This year, Burning Ambulance is publishing two year-end lists, one covering jazz and one covering rock/metal. Here is the second installment of our countdown of the 25 best jazz albums of 2013. (Click to see #s 25-21.) Enjoy!
Best Jazz Albums of 2013, Part 2
20. David Ake, Bridges (Posi-Tone)
This sextet recording features trumpeter Ralph Alessi, alto saxophonist Peter Epstein, tenor saxophonist Ravi Coltrane, bassist Scott Colley and drummer Mark Ferber. As we said in a review in June, the music is modern/modernist in a way that nods to minimalist classical as much as the jazz past—it’s like a combination of the aesthetic heard on Blue Note albums from 1963-64 and, at times, the work of composers like Steve Reich and Philip Glass. The second track, “Sonomads,” is structurally similar to what the Miles Davis quintet did on “Nefertiti,” though everyone here is hitting harder than on that legendarily hushed piece. It’s an album that deserves more attention than it’s gotten, from a pianist/composer who should record more often than he does. (Read our full-length review.)
19. Joel Harrison 19, Infinite Possibility (Sunnyside)
Guitarist Joel Harrison expands well beyond the territory of his already expansive 2012 album, Search, on this disc. Not exactly a big band effort, more of an orchestral disc, it’s like a cross between Gil Evans‘ arrangements for Miles Davis and Isaac Hayes‘ soundtrack to Shaft, swelling and surging with an almost spiritual quality before erupting into gritty funk. Unlike Davis, though, Harrison is more than willing to be just a member of the ensemble, rarely soloing—but when he does, his tone and playing have plenty of sting and bite. The tunes don’t even sound like they were written by a guitarist, since they don’t favor long, linear melodies as much as waves of sound, vibes and horns and complex but swinging rhythms. There are vocals at times, but they’re not a deal-breaker by any means. At six tracks in 52 minutes, it sprawls, like a sonic evocation of a city you’d like to spend a week or two visiting.
Stream “As We Gather All Around Her”:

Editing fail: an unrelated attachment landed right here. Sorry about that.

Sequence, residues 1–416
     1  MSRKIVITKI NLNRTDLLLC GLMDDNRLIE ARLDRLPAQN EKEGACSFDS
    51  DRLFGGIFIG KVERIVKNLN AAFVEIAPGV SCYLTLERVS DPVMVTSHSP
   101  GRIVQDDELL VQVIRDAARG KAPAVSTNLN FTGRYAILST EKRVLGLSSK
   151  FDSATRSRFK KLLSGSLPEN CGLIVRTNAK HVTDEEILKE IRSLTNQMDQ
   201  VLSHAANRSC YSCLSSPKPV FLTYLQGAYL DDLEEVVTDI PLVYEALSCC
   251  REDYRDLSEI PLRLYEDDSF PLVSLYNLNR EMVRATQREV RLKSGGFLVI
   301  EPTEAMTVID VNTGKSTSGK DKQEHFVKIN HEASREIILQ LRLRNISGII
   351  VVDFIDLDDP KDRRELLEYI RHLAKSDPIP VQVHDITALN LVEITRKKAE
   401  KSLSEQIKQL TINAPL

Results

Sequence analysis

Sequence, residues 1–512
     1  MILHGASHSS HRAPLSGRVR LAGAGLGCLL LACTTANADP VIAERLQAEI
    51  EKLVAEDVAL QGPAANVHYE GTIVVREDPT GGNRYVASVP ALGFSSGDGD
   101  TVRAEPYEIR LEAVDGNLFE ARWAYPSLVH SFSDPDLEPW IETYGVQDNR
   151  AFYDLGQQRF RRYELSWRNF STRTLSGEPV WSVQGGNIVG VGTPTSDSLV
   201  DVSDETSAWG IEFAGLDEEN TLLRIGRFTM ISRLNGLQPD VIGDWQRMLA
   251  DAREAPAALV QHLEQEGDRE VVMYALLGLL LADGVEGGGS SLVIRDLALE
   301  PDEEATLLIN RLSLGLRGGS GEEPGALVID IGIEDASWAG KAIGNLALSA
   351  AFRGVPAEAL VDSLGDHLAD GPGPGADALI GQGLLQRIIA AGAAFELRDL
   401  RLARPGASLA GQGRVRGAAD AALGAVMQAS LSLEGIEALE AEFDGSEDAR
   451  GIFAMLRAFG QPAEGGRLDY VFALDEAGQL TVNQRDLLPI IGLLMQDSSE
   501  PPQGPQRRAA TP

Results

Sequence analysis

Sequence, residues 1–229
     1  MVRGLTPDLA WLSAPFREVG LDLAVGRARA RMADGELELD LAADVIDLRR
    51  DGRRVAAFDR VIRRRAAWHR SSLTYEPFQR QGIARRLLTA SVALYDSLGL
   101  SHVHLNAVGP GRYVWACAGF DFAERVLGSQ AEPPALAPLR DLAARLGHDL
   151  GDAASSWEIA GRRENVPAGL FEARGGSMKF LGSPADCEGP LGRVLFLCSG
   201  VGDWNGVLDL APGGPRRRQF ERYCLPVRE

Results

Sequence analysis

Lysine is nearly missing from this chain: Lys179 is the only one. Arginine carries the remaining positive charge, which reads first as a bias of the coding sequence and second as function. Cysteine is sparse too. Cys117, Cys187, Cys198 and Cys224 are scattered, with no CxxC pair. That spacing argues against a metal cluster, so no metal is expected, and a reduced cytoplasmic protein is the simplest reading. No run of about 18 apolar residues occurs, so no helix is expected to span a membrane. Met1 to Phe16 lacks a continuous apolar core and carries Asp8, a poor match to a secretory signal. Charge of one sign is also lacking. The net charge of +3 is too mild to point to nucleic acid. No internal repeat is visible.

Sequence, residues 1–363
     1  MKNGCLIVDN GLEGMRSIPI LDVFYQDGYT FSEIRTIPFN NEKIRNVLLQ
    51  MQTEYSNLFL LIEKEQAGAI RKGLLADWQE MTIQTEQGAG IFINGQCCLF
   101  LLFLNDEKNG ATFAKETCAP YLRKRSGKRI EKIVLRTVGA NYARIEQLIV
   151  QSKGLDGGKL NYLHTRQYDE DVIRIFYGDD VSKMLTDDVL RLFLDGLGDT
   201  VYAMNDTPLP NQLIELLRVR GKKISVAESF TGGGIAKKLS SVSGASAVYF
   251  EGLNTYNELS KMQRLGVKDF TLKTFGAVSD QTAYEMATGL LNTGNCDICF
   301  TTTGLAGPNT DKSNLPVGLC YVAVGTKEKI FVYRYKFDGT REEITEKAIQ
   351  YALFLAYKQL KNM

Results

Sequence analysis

18. JD Allen, Grace (HighNote)
Tenor saxophonist JD Allen—like his sometime employer Jeremy Pelt—broke up one of the best bands in contemporary jazz in 2012. After releasing their fourth album, The Matador and the Bull, the JD Allen Trio was no more, and this disc introduced an entirely new quartet, featuring pianist Eldar Djangirov, bassist Dezron Douglas and drummer Jonathan Barber. The music shifted away from the tight, three-minute theme-and-extrapolation compositions of the trio, going in a more contemplative direction and working at greater length, though still displaying the rigorous discipline that’s always been one of Allen’s trademarks. His soloing is somewhere in the neighborhood of Wayne Shorter circa Night Dreamer, but his interaction with Djangirov is unique, almost like chamber music. This is the closest thing to a ballad album JD Allen‘s ever released, but it’s far from mellow or subdued.
17. Miles Davis, Live in Europe 1969: The Bootleg Series Vol. 2 (Sony)
In 1969, Miles Davis was at a crossroads. In the studio, his sound was beginning to change rapidly, best exemplified by his use of electric guitarist John McLaughlin. On stage, his quintet—saxophonist Wayne Shorter, keyboardist Chick Corea, bassist Dave Holland and drummer Jack DeJohnette—were shifting back and forth between blaring, aggressive tunes that crashed and rattled more than they swung, and Cubist versions of the standards he’d been playing since the Fifties: “Milestones,” “‘Round Midnight” and “I Fall in Love Too Easily” are still in the set lists on this 3CD/1DVD set, alongside “Directions,” “Miles Runs the Voodoo Down” and “Bitches Brew,” none of which had been recorded yet. An essential document of transition, but beyond its historical importance, it’s ass-kicking music.
Watch “Directions” from the Berlin concert included on the DVD:
16. Melodic Art-Tet, Melodic Art-Tet (NoBusiness)
The Melodic Art-Tet was a very short-lived, under-documented group that lived up to its name. Saxophonist/flautist Charles Brackeen, trumpeter Ahmed Abdullah, bassist William Parker, drummer Roger Blank and percussionist Tony Waters (aka Ramadan Mumeen) teamed up in the early ’70s to take a more listener-friendly approach to the avant-garde/loft scene jazz of the time. These recordings, taped live on New York radio station WKCR in October 1974, find them combining the folk melodies of Albert Ayler with the lightheartedness of the early Art Ensemble of Chicago, minus the postmodern pranksterism (no bicycle horns or junk-sculpture percussion). The long tracks are actually medleys of concise, structured pieces that could easily have translated to a formal album; it’s great that this disc exists, and too bad it’s all that exists.
There’s a very brief sample online; stream it here:
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